Bush does Albania; exploits Kosovars, Uighurs for cheap propaganda
For those who remember when Albania was a hermetically sealed communist dictatorship under Enver Hoxha, the spectacle of George Bush receiving a hero's welcome in Tirana was a surreal one. An easy appeal to ethnic nationalism on the issue of Kosova was a sure way to win applause. "The question is whether or not there is going to be endless dialogue on a subject that we have made up our mind about," Bush said while visting Prime Minister Sali Berisha June 10. "We believe Kosovo ought to be independent. There just cannot be continued drift, because I'm worried about expectations not being met in Kosovo." But in a none-too-subtle equivocation on actual independence (and a warning against too strident demands for it), he called on Berisha to use his "good contacts" among Kosovar Albanians to help "maintain calm during these final stages." (EU Observer, June 11)
In another surreal spectacle, Bush met in Prague on June 5 with Rebiya Kadeer, an exiled leader of the Uighur independence movement from China's Xinjiang province. "Another dissident I will meet with here is Rebiya Kadeer of China, whose sons have been jailed in what we believe is an act of retaliation for her human rights activities," Bush said in his speech before a Prague conference attended by dissidents from throughout the former socialist bloc. "The talent of men and women like Rebiya is the greatest resource of their nations—far more valuable than the weapons of their army or oil under the ground." (UNPO, June 7)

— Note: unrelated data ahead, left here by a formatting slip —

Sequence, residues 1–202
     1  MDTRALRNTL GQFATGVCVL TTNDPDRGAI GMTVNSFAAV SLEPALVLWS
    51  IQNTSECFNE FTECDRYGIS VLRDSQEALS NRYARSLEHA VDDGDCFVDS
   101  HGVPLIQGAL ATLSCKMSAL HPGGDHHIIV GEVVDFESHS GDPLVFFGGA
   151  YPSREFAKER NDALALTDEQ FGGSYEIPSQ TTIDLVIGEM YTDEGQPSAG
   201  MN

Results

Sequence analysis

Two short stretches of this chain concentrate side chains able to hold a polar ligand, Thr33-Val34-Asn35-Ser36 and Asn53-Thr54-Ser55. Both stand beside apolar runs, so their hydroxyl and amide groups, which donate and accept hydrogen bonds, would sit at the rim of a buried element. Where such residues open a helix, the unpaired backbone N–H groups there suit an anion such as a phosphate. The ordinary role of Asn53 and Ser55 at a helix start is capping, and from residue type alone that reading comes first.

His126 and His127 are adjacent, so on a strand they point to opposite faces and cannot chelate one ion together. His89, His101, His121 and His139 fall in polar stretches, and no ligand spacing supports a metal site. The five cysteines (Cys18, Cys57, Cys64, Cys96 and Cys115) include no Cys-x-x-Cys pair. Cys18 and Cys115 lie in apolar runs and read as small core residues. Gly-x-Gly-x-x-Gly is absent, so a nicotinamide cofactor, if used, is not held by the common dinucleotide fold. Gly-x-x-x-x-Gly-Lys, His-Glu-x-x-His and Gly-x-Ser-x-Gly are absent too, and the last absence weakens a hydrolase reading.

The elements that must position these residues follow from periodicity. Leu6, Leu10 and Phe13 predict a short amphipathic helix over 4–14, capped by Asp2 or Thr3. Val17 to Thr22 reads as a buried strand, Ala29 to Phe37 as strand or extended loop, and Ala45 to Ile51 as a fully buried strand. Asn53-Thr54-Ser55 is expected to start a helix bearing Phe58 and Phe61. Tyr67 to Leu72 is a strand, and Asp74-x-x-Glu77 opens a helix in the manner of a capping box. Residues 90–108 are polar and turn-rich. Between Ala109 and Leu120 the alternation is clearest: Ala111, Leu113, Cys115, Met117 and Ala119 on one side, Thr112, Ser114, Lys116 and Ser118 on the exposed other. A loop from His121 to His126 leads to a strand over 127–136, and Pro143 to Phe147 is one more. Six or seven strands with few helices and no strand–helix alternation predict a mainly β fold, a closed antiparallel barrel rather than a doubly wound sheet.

As we have said before, the oppressed are entitled to take their allies where they can find them. But we hope that Rebiya Kadeer recalls the Bush administration's betrayal of the Uighurs in 2002, when the separatist East Turkestan Islamic Movement (ETIM) was added to the State Department "Foreign Terrorist Organizations" list. This was an open bid to win Beijing's cooperation with the Iraq invasion in the Security Council. Now that this is no longer an issue and Beijing is perceived by Washington unequivocally as an imperial rival, Bush is embracing the Uighur cause for reasons which are no less political—and cynical.
A particular irony which we hope is not lost on Rebiya Kadeer is that five Uighur militants who had been held at Guantanamo Bay were released just over a year ago—to Albania. This unlikely destination was a result of pressure from human rights groups, who warned that they could face torture if deported to China. As we noted at the time, the case indicates that, US-Chinese tensions notwithstanding, the two imperial powers still have some common geostrategic interests. We think the same can be said of US-Russian tensions and Bush's supposed support for Kosovar independence—despite the notorious "neocons" and their now-languishing regime change offensive.